Orchid & Dandelion Children…
Have you ever wondered if your child is predisposed to sensitivity or resilience? Or have you wondered why you feel more sensitive to the world around you than others?
Dr. Thomas Bryce – professor of paediatrics & psychiatry at the University of California – has spent decades researching children’s responses to stressors in their environment, and believes there are two broad groups – which have been given the descriptive metaphors of dandelion and orchid children.
The idea is that some children are like dandelions – they can thrive anywhere and are pretty hardy. Those described as orchid children are more susceptible to the impact of their environment. It’s the combination of nature & nurture – orchid children are neurologically more predisposed to find the world overwhelming & stressful – but the good news is that how we nurture them can make all the difference.
Orchid children are the sensitive ones amongst us. They can either really thrive or really struggle, depending on their environment. They can be shy, find change tricky, and are sensitive to the impact of the environment around them – this might be noise, busy-ness, or stress. Dandelion children are more naturally resilient, and cope with stress more easily. They form the majority of children, while it’s thought around 1 in 5 children are orchid children.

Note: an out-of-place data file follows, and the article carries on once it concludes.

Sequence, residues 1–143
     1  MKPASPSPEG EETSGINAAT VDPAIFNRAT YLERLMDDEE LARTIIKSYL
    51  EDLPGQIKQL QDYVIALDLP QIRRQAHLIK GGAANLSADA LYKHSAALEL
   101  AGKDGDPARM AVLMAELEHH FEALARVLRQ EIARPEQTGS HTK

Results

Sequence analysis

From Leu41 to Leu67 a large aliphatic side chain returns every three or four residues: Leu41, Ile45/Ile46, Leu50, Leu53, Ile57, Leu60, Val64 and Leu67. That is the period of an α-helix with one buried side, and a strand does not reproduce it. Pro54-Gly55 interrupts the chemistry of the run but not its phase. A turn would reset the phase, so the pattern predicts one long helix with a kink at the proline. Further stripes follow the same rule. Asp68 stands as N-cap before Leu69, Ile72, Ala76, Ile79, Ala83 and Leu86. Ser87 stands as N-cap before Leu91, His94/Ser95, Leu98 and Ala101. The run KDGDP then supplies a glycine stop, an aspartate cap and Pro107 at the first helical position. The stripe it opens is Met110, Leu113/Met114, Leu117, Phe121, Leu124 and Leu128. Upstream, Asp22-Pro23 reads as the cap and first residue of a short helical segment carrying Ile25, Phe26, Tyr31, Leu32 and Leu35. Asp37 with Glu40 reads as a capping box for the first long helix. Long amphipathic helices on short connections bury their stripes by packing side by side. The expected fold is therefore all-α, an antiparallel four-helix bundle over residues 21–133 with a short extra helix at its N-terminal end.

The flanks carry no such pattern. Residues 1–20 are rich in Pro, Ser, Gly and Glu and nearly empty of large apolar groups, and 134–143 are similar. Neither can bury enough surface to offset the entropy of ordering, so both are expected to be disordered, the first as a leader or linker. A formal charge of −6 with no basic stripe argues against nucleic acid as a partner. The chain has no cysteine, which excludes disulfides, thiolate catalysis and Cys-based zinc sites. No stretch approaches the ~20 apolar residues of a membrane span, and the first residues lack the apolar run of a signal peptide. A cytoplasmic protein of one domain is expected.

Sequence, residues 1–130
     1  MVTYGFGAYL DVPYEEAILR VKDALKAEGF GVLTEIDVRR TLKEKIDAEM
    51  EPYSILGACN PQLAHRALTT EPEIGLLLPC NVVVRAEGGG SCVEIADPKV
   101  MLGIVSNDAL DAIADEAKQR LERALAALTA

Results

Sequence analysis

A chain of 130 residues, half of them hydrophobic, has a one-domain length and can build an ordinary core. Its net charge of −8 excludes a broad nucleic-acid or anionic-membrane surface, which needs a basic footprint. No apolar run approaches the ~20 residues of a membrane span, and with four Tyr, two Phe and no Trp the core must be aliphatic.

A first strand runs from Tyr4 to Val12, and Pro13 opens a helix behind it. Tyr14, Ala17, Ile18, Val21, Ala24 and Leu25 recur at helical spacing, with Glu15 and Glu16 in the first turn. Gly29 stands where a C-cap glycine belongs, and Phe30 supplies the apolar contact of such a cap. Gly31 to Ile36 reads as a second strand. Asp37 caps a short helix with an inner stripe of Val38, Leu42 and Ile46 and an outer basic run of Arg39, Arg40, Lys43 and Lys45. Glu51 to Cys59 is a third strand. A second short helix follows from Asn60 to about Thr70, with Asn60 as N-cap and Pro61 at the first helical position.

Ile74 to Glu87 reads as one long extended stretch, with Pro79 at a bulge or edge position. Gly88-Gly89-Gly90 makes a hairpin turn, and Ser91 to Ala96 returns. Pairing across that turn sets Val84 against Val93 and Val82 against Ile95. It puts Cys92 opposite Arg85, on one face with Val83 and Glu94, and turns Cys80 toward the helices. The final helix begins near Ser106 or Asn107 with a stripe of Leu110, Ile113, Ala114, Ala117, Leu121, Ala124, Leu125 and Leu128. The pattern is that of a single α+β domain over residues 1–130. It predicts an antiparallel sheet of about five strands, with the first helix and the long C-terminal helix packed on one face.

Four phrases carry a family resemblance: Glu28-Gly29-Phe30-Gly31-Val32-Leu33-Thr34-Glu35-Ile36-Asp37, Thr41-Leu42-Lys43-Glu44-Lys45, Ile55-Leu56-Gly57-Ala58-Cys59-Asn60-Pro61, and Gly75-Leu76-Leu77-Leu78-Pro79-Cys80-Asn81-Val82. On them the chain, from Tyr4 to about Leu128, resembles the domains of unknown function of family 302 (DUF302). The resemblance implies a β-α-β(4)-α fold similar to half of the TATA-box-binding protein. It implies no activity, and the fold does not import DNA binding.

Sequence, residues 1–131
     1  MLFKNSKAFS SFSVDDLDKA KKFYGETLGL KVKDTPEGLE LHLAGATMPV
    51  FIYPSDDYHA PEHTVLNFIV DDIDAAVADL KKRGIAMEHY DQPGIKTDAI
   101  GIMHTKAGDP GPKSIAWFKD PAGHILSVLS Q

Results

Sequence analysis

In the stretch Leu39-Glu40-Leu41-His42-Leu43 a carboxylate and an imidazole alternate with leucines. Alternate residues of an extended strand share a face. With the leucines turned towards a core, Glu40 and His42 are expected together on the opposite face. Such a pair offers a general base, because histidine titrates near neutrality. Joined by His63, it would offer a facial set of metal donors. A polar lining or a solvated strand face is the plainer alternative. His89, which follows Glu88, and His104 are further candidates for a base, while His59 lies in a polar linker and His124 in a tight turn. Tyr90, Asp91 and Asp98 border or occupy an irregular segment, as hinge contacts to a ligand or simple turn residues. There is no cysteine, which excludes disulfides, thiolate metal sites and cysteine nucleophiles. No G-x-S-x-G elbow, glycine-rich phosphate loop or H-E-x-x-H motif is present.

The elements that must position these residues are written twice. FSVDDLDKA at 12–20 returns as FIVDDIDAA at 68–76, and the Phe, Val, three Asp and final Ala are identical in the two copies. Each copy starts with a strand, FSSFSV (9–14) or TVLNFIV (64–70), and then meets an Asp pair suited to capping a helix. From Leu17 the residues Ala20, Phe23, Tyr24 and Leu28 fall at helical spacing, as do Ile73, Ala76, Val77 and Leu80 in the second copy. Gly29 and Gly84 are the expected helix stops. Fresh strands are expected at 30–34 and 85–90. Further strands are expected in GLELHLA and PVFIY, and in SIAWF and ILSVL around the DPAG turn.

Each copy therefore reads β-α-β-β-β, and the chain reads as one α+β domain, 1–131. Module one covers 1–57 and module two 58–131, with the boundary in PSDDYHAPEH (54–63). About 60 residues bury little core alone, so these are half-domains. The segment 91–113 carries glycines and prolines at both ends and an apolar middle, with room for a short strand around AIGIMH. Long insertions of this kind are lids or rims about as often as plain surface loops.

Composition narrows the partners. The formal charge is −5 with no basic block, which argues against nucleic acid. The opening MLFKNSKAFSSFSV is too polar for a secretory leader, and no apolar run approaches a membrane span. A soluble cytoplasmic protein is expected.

When parents realise they have a sensitive child, they often want to know how can they can help their child adjust to the world. It’s an important question because whereas dandelion children seem to have a natural resilience to stress, for more sensitive children, the environment and the way they are responded to makes big a difference. Dr. Bryce’s research found that with the right nurture, orchid children can truly thrive.
Here are some tips for supporting a sensitive child…
Accept them for who they are – we can’t change who they are and if we try to “toughen them up” we risk actually damaging their well-being and making them less likely to handle life’s stresses. If we focus on providing an environment that helps them to feel confident in who they naturally are, they can learn to use their sensitivity in a way that works for them, not against them.
Focus on connection & empathy – they thrive on it and need it to feel nurtured and soothed. As with all children, when they experience empathy and nurture, they will learn about compassion for others, and about self-compassion too.
Help them to learn about emotions, how to express themselves & how to self-regulate. This will help them when they are overwhelmed by other people’s emotions or by their own.
Help them to know what their environment can do for them – it will be important for them to understand when a smell or noise has caused them to feel overwhelmed, and for them to know what changes they can make to their environment to help.
Enable them to live in & understand their own window of tolerance. We need to help them feel brave enough to step out of their comfort zone so they can develop their confidence while recognising when a situation or environment is overwhelming and knowing how to manage this.